A cliff after 2015?
Although construction will likely remain vibrant in the near term, many wind industry advocates worry that development will come to a screeching halt after 2015, when the last of the wind farms approved under Quebec’s third RFP become grid connected. Industry proponents are hopeful that the government will act on a 700 MW RFP, which was issued in July 2012 by then-Premier Jean Charest.
Jean Frederick Legendre, the Canadian Wind Energy Association’s (CanWEA) Quebec regional policy director, explains that the RFP will serve as a temporary solution until the province unveils a long-term energy strategy. He expects that the RFP will be launched in two phases.
The first round, for 450 MW of installed capacity, is expected to be open to all wind energy developers, while the second round, for 250 MW, is designed to incent the further development of wind projects with involvement from First Nations.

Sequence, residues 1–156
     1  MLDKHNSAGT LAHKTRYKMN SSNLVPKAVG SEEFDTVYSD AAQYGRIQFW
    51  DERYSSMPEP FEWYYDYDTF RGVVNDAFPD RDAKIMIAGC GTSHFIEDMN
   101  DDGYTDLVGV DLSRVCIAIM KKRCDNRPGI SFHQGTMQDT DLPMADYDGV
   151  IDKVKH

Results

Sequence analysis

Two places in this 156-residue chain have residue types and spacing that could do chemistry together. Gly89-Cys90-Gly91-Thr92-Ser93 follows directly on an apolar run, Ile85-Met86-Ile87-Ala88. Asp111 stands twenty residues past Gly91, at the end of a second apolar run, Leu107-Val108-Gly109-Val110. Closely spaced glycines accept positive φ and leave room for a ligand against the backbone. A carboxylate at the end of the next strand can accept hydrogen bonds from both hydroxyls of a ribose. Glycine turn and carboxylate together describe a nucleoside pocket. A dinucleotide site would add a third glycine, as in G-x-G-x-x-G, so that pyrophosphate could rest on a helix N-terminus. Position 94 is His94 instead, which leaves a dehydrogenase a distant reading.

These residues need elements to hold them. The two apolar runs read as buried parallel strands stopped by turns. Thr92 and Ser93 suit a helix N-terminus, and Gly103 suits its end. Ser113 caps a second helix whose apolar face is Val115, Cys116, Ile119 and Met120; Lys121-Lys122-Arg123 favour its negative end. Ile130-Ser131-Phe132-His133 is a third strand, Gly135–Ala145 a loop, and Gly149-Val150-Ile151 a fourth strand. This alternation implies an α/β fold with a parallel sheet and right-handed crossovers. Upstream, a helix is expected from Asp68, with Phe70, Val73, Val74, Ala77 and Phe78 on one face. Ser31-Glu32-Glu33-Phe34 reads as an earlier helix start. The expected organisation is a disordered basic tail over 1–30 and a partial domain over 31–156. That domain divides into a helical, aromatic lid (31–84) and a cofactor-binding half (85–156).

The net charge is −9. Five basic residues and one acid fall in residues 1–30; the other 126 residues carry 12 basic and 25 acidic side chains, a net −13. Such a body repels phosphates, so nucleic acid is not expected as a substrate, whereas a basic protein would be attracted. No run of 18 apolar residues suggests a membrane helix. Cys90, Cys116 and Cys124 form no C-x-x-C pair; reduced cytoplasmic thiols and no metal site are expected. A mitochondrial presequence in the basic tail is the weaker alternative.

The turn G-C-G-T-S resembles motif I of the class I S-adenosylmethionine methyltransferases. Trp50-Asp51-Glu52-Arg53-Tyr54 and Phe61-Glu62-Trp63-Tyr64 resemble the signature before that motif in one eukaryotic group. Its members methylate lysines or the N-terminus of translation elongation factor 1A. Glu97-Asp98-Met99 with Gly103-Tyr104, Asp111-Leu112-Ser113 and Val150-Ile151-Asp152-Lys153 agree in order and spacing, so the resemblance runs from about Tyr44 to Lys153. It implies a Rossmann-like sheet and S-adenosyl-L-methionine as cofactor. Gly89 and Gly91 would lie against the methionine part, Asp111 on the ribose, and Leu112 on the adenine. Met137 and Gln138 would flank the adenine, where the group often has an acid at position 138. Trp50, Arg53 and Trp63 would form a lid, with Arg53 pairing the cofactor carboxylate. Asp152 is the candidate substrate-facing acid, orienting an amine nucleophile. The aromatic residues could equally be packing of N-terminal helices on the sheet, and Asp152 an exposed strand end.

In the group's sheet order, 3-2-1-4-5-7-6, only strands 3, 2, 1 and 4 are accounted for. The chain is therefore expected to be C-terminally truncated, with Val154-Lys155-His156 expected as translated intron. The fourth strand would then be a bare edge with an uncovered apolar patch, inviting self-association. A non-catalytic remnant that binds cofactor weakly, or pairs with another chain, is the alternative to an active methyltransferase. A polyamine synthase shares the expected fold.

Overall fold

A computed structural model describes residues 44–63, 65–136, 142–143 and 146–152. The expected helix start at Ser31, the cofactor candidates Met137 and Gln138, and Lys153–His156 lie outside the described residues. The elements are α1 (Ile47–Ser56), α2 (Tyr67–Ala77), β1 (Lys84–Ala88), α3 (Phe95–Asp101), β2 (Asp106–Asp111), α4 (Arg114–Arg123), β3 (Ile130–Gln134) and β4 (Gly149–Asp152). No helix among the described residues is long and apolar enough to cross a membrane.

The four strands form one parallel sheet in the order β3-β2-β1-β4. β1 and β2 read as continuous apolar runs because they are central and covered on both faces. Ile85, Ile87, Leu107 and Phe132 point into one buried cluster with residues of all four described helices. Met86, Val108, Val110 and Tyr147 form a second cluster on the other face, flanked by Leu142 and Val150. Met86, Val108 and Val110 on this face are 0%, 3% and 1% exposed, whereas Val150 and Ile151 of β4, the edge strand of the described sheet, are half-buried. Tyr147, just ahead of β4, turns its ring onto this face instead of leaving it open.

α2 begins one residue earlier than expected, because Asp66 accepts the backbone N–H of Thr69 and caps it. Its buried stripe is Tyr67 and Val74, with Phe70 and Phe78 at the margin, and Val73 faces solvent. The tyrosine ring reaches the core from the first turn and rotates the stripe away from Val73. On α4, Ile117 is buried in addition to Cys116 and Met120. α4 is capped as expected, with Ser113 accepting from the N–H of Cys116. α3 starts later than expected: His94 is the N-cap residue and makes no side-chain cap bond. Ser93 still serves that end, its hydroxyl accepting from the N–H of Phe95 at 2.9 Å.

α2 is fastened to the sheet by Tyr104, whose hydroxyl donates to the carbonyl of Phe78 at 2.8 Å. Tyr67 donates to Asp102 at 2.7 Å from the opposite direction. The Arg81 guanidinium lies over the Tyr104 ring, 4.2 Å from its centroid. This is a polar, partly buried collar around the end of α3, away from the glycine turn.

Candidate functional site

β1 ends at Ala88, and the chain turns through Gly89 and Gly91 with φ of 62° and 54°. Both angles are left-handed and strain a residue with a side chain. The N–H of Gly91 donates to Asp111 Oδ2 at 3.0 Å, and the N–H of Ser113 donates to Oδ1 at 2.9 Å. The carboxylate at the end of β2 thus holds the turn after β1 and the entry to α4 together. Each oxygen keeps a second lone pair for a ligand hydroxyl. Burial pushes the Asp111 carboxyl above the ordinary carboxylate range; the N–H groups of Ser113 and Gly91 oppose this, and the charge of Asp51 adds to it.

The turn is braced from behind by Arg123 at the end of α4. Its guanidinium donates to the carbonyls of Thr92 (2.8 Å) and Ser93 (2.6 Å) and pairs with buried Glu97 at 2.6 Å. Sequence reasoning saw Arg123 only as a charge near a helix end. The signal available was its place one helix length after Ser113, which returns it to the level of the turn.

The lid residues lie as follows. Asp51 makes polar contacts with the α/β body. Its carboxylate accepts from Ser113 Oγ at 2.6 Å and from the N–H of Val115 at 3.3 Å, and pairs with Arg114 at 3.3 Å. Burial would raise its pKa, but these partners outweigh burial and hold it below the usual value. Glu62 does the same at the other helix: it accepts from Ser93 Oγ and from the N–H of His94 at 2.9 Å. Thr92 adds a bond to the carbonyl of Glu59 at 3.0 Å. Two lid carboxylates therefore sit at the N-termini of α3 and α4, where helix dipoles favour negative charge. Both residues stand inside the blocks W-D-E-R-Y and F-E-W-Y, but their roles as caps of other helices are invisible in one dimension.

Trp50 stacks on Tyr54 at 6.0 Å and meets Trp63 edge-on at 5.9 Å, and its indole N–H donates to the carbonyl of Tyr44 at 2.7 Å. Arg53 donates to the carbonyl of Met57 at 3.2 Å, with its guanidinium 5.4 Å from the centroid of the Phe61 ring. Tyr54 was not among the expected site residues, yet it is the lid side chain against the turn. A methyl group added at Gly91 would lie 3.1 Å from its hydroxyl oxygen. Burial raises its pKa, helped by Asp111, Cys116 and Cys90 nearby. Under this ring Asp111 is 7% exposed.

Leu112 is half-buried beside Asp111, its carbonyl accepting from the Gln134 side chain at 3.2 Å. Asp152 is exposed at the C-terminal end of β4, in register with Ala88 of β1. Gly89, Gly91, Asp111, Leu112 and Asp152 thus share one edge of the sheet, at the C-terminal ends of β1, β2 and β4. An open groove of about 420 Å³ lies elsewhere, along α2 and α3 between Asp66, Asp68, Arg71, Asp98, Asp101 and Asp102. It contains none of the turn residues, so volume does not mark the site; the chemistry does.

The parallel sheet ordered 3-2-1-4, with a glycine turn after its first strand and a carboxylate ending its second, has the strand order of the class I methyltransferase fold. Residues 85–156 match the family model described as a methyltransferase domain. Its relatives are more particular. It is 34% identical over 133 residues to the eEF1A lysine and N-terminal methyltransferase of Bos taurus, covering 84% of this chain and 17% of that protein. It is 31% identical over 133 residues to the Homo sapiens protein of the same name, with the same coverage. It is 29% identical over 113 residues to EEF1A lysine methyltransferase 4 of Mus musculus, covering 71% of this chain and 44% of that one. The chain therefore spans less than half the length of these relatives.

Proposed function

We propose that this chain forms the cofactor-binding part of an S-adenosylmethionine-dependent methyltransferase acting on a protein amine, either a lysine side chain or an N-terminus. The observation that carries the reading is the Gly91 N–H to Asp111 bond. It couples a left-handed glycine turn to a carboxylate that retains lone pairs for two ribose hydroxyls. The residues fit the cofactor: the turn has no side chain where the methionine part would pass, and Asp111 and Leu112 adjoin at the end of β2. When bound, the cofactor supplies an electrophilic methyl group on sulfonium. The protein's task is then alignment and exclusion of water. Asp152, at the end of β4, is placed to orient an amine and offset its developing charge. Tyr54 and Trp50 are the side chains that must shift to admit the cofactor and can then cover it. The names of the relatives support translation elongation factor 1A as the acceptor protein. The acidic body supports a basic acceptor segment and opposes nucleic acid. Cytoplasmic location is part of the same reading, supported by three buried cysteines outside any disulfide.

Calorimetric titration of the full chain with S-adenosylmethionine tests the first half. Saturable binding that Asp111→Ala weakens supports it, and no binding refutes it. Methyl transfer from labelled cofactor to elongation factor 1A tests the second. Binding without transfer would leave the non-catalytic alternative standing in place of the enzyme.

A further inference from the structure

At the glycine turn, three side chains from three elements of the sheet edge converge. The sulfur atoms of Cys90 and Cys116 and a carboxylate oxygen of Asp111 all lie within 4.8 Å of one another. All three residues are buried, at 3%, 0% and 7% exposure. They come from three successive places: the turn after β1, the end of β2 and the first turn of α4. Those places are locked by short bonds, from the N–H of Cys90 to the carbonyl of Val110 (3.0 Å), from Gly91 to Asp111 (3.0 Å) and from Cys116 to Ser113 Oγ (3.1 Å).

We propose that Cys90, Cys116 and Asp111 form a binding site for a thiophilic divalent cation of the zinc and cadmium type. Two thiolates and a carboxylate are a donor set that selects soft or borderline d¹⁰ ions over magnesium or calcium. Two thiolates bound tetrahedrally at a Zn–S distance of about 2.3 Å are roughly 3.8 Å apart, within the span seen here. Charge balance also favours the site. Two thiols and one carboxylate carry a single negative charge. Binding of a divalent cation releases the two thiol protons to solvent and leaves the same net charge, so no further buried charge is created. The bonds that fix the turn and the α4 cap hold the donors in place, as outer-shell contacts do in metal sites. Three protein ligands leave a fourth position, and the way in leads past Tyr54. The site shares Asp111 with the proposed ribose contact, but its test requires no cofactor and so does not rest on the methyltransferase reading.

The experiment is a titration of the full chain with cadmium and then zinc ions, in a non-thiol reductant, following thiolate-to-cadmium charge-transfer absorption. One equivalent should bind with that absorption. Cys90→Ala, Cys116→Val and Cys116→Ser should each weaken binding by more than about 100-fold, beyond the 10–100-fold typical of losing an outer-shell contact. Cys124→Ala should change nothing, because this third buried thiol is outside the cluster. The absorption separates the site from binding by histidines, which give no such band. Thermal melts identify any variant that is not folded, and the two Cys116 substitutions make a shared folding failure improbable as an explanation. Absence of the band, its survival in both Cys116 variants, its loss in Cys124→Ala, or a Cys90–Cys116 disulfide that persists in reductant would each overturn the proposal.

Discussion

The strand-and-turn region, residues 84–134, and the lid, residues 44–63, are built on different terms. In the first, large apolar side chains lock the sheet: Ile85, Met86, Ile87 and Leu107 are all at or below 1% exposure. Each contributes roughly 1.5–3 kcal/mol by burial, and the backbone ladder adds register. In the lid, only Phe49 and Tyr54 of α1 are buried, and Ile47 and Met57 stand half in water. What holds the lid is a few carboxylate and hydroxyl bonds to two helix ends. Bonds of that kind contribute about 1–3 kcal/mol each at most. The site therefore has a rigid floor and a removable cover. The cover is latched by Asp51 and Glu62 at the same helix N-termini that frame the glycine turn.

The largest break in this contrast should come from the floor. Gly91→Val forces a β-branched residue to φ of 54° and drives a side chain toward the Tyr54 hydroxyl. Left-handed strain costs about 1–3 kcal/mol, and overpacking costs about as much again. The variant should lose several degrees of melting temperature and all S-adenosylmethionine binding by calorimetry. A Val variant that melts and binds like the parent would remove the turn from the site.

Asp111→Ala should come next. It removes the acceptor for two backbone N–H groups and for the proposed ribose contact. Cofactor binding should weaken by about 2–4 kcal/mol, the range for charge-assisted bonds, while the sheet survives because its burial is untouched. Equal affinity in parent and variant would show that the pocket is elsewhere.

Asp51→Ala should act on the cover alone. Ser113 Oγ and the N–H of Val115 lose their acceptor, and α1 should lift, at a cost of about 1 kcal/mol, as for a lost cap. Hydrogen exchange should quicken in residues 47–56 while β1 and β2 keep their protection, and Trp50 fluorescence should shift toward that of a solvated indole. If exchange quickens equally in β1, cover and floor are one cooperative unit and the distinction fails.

However, Charest was defeated in the September 2012 election by Pauline Marois, and the change in leadership has led to considerable apprehension within Quebec’s wind industry.
“Action is needed soon,” states Marc-Antoine Renaud, who leads business development for Montreal-based turbine supplier Enercon. “To avoid a gap in production, the government needs to finalize the 700 MW [RFP] by the end of the first quarter.”
Because the government takes so long to approve permits, it can take more than three years to build and develop a wind farm in Quebec, Renaud notes. He estimates that the 700 MW RFP will be needed by September 2015, when the last turbine components associated with the RFP roll off the assembly lines.